Since the passage mentioned that "In contrast to traditional lending, which tenders large sums to lendees who have strong credit histories and steady employment", so doesn't that "strong employment" implies that the recipients of traditional loans have already owned businesses?

So, if this is the result, option E would definitely make more sense than option B, right?
Please unveil my doubt, thank you.

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New post 25 Oct 2017, 10:42
V01-26:

IMO Steady employment doesn't means business. I am not sure if a businessman would ever say that he has a steady employment. On the contrary he is employing candidates for his business.

Since, employment means salaried jobs... where you are employed as an employee and paid salary, IMO Steady employment means a (salaried) job where you expect to continue working. And, if someone has a steady employment, he is financially independent. B is correct. E is incorrect because it mentions "business already in operation" which is not indicated anywhere in the passage.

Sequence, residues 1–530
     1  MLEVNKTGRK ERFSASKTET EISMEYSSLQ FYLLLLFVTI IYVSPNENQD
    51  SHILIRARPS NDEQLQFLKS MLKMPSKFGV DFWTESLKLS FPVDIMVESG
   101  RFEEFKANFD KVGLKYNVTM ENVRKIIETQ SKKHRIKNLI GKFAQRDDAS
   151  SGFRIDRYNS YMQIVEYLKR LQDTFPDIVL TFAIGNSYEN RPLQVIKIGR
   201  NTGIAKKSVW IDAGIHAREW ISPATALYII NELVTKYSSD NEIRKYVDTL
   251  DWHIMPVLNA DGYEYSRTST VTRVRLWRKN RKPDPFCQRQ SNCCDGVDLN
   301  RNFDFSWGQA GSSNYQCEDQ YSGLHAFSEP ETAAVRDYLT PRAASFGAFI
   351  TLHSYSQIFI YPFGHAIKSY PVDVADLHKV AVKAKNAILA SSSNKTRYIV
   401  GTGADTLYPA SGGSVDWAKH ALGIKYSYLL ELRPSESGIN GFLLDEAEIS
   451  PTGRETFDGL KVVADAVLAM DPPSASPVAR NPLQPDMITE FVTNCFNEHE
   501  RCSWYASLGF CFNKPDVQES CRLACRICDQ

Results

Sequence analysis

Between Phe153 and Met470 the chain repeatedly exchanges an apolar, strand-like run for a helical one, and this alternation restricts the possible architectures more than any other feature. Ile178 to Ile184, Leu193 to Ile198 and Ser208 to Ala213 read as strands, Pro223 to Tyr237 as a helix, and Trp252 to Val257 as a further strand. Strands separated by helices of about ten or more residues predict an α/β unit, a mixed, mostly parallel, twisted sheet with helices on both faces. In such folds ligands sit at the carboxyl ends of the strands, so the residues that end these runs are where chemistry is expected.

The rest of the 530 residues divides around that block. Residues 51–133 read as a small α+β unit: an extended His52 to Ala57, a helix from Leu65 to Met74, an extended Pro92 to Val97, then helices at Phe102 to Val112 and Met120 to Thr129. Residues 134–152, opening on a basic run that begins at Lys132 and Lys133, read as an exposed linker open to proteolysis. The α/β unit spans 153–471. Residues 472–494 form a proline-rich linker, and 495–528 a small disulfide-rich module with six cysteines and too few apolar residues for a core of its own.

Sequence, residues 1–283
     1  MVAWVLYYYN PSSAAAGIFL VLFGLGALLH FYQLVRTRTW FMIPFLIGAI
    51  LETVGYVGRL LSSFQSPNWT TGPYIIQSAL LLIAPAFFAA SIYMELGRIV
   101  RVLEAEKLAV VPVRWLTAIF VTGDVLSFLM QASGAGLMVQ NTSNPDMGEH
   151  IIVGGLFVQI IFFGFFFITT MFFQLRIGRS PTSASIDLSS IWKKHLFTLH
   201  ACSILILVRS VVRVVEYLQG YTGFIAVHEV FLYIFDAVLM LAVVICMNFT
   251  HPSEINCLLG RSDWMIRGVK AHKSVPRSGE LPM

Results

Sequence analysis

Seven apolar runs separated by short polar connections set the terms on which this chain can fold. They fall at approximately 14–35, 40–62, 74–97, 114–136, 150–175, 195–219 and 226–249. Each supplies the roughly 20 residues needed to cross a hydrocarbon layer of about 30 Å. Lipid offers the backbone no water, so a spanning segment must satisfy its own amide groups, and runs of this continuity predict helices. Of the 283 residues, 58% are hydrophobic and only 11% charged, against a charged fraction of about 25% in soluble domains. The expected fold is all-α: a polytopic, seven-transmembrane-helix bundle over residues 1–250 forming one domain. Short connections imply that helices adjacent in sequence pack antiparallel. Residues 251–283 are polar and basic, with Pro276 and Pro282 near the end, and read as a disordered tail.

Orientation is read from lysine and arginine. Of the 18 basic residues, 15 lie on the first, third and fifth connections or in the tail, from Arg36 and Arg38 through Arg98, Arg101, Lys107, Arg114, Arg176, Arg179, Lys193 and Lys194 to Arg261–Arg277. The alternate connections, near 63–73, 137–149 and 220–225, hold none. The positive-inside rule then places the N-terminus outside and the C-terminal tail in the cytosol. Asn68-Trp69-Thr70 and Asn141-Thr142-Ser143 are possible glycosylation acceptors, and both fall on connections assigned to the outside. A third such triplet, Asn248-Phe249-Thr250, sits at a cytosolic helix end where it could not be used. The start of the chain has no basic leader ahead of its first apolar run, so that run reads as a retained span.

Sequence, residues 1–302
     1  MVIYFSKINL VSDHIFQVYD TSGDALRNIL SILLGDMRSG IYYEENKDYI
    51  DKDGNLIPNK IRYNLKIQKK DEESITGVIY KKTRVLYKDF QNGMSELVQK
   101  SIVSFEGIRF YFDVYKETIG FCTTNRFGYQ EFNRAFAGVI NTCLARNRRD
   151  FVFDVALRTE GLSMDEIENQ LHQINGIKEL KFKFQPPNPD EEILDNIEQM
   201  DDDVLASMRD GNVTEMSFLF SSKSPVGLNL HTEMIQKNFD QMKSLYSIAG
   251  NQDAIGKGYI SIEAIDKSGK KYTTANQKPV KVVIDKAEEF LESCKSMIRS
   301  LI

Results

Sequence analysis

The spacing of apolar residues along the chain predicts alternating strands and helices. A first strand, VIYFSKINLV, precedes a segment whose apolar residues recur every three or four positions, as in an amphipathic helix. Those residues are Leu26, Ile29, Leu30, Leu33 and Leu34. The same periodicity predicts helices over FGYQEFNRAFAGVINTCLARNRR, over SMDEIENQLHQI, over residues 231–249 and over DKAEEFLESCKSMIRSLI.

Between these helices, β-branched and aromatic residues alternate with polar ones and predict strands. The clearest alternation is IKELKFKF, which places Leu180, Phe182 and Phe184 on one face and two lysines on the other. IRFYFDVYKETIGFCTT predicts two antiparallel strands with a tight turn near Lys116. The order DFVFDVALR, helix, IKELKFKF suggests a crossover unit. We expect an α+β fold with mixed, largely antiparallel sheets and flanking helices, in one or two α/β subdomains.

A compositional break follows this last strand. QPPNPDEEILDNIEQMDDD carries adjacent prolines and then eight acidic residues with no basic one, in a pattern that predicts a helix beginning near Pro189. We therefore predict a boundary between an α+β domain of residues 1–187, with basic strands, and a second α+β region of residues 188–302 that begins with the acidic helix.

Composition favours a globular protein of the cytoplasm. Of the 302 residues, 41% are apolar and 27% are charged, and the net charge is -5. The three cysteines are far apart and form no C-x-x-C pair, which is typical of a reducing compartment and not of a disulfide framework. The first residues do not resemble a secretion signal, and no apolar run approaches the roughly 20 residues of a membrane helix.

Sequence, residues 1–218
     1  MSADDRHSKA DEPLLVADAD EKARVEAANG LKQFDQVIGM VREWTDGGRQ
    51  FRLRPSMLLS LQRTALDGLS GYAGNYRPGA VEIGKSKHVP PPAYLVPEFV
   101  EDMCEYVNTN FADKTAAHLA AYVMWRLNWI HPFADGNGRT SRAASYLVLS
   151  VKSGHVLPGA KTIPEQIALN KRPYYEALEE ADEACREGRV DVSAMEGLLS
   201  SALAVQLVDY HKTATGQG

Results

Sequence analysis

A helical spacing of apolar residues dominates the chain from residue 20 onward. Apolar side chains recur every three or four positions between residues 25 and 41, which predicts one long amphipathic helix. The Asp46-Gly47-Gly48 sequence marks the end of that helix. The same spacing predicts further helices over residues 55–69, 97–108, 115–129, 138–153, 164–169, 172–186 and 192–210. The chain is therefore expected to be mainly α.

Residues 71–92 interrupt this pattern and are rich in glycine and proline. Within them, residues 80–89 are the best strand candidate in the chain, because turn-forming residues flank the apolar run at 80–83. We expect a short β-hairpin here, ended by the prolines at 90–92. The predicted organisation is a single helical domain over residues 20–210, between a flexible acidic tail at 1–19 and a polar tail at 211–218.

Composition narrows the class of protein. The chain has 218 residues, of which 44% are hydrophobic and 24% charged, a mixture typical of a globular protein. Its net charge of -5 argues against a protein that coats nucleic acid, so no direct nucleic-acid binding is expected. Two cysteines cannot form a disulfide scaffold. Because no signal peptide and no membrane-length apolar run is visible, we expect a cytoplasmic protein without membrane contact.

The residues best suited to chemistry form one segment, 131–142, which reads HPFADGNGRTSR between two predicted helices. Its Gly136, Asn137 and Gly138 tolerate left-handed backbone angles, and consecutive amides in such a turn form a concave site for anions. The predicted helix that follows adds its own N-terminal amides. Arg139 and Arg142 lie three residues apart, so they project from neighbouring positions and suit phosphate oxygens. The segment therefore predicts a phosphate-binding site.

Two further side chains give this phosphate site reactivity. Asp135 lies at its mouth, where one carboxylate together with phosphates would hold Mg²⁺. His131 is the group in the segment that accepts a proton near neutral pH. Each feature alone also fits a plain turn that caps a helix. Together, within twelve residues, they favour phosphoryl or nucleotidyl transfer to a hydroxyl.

Last edited by chaudhurysr on 25 Oct 2017, 11:08, edited 1 time in total.

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Re: V01-26, V01-27, V01-28 [#permalink]

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New post 25 Oct 2017, 11:08
V01-27:

I tend to disagree with option D. OE says "The first sentence of the passage identifies this as the very problem that led to the creation of microloan programs". If the problem is already mentioned in the passage, then how can it be an assumption? As assumption has to be something that is NOT mentioned in the passage.

I chose C as the answer because the passage says "In contrast to traditional lending, which tenders large sums to lendees who have strong credit histories and steady employment, microloans are generally made for less than $1,000 and are available without collateral to individuals with questionable credit histories who may or may not be employed. "

The passage doesn't explicitly mentions that traditional lending is not flexible for loan amounts < $1000, but by mentioning that "microloans are generally made for less than $1,000 " and this is "In contrast to traditional lending", it is fair to assume that traditional lending isn't flexible enough for amount < $1000.

Experts, please clarify!!

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Re: V01-26, V01-27, V01-28   [#permalink] 25 Oct 2017, 11:08